This Mother’s Day, let’s pay a special tribute to mothers who don’t need their child to be “normal”

Published: May 14, 2017
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He prods the viewers, telling them that the definitions and conventional meanings attached to social jargons are not set in stone.

What is a special child? You could scour through piles of books or websites on the internet. You could ask doctors or child specialists. You could ask anyone but the only person who knows the answer to this is a mother – the champion of life and longevity, the captain of endurance and consideration – that is the mother of a child who has been rendered special.

Hearing the following phrases must have a huge impact on a mother,

“Is he a little different?”

“Yes, your child is a special needs child. He cannot keep up with the ‘normal’ kids.”

She spends nine months preparing for her bundle of joy. The first heartbeat, the first caress inside her womb, the first kick as he develops legs, the first image on the ultrasound with those tiny eyes shut tight, are the most precious moments in a woman’s life. When the time finally comes to welcome her child into the world, she ends up tearing her body apart just to do that. The excruciating pain almost kills her but she keeps on going. She endures all this and more, just to bring into this world a child who she then cradles in her weary arms.

Can anyone possibly imagine how devastating she must feel when someone calls her child a “little different”? The word ‘special’ becomes a lament for her. Her energies are invested in ensuring that her child experiences ‘normalcy’.

Hence, the new McDonald’s advertisement is a tribute to all mothers that have managed to introduce this ‘normalcy’ into the lives of their ‘special’ children. It is a highly commendable effort.

It begins in the setting of an ‘employee of the year’ benefit for the McDonalds’ staff. A young man with a microphone addresses the crowd with an ode to his mother. He addresses his mother in the crowd elaborating how her life-long efforts were not invested in making him extraordinary but in proving that he is a fairly normal child. He appreciated how she managed to make him ‘regular’ like other children while the world focused on how ‘special’ he was.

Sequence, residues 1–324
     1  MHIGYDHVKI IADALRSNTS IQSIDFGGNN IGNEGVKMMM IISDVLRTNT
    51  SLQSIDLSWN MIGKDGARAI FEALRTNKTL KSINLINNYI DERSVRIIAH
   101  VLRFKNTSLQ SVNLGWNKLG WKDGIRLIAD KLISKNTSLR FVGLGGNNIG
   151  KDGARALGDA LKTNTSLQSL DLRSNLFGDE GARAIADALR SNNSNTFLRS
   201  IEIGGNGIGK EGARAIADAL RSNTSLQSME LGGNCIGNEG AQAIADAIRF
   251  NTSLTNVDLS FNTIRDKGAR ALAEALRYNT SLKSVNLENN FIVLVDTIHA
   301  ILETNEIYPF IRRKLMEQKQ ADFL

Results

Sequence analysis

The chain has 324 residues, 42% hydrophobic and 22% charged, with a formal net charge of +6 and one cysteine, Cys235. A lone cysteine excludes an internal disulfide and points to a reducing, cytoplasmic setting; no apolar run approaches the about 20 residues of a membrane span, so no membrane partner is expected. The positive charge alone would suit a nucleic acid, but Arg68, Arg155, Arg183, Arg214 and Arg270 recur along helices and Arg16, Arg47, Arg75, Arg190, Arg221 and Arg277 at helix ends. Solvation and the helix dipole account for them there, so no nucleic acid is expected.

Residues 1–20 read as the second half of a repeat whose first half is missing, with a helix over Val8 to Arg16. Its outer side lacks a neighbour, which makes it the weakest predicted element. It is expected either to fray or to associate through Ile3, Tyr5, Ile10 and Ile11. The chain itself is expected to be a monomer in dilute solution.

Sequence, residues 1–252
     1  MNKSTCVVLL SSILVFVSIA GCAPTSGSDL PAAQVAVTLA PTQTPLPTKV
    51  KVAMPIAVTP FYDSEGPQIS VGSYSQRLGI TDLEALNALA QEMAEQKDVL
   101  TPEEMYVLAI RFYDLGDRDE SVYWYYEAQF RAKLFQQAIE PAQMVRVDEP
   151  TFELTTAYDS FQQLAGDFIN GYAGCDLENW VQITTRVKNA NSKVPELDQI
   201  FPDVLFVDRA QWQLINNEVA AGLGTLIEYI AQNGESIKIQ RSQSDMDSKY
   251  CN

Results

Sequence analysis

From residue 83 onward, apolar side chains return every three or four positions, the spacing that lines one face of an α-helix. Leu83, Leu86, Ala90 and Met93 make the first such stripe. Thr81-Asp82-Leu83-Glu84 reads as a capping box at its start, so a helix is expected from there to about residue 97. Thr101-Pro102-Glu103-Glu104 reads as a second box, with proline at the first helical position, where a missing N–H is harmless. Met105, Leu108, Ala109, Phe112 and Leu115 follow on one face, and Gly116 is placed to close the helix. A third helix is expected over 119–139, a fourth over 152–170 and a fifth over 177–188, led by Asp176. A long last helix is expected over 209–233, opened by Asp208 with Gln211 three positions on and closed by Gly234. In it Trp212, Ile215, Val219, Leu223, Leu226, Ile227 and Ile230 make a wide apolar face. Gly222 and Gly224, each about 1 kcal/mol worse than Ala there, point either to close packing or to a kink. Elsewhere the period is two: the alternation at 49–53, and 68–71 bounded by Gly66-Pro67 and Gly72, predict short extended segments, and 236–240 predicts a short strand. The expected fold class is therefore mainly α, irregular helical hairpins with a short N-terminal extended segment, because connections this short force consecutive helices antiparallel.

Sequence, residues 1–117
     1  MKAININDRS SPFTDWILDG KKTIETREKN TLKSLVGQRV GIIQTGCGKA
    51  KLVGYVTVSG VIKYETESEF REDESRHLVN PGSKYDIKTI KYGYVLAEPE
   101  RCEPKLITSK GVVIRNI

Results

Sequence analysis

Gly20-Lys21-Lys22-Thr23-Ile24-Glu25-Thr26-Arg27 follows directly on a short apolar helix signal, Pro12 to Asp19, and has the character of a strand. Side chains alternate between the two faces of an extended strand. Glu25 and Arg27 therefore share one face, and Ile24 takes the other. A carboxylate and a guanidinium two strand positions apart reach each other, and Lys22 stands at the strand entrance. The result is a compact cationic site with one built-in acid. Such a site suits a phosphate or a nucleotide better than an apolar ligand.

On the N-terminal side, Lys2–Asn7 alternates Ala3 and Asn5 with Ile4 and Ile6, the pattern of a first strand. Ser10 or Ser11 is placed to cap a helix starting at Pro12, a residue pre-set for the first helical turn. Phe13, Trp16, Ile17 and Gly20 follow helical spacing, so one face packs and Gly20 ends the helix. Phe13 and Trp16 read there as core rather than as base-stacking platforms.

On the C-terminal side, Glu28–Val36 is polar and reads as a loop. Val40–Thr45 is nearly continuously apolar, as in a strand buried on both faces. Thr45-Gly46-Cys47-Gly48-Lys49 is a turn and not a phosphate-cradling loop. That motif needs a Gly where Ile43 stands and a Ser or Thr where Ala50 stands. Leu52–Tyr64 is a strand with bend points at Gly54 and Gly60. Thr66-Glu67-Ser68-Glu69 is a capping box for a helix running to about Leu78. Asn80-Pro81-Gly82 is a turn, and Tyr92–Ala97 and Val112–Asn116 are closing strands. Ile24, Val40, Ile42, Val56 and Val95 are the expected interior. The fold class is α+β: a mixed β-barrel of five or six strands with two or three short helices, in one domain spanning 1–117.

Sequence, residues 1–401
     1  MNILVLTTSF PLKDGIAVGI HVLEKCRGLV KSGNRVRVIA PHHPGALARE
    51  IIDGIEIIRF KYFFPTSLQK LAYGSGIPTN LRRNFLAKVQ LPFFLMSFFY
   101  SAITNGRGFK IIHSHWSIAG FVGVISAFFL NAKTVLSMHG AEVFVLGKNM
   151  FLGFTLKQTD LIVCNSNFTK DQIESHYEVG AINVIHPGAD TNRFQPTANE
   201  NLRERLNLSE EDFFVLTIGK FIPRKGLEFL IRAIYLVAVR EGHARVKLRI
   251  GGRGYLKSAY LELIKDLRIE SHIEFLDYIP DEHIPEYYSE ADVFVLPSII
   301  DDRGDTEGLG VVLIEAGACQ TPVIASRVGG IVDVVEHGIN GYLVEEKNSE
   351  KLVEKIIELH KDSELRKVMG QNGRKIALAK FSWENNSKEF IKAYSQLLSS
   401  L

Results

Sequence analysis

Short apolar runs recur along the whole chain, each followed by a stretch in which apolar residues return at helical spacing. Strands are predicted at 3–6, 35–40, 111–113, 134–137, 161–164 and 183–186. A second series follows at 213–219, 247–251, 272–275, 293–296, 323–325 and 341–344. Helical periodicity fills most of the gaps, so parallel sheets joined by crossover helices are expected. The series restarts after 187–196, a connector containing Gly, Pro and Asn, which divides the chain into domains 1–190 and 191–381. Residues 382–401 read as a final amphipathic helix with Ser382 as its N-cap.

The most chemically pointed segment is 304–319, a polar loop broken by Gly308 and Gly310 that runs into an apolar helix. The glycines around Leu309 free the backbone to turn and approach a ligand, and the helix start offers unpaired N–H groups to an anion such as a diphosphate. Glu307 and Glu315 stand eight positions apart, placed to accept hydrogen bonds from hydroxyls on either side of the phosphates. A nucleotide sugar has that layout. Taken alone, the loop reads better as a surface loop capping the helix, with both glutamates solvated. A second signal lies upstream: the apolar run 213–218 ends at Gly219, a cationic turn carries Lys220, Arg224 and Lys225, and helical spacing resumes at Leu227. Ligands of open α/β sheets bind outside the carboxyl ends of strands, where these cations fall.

The act put together to mildly puzzle the audience hits home when the camera shifts its focus to the other young man on stage. We find out that the man previously speaking was not the actual speaker but just an interpreter for this man who is using sign language to pay a beautiful tribute to his mother. He prods the viewers, telling them that the definitions and conventional meanings attached to social jargons are not set in stone. He stresses that what the world calls ‘special’ is normal to his mother, while her own ‘normalcy’ is nothing but ‘special’ to him. People win accolades for striving to outshine others. But mothers like these deserve the utmost praise for trying to make their children blend in with society.

Such examples really put things into perspective, in regards to our general outlook towards life. While we all try to be “different” or better than others, for some of us the struggle is just to be like everybody else. Special needs children and their mothers deserve a special tribute this Mother’s Day and this McDonalds advertisement has done a wonderful job to do just that.

While I am an advocate for absorbing such children into mainstream society as much as possible, I also strongly believe that the need to prove their ‘normalcy’ to the world ends up putting unwarranted pressure on them and their mothers.

This Mother’s Day, let us all join McDonald’s in their spirit of questioning stereotypes about special needs children and their mothers, but let us also remember that a “different” child is as much part of our world as a “normal” one. Let us accept them in their divergences and let us tell their mothers to care for them without feeling the pressure of justifying them to the world in order to meet some concocted standard of “normalcy”.

All children are beautiful, special and different, and there is nothing wrong in accepting that.

Fatima Raza

Fatima Raza

The author is a Biosciences graduate and a student of MPhil International Relations. She aspires to be an accomplished writer someday.

The views expressed by the writer and the reader comments do not necessarily reflect the views and policies of The Express Tribune.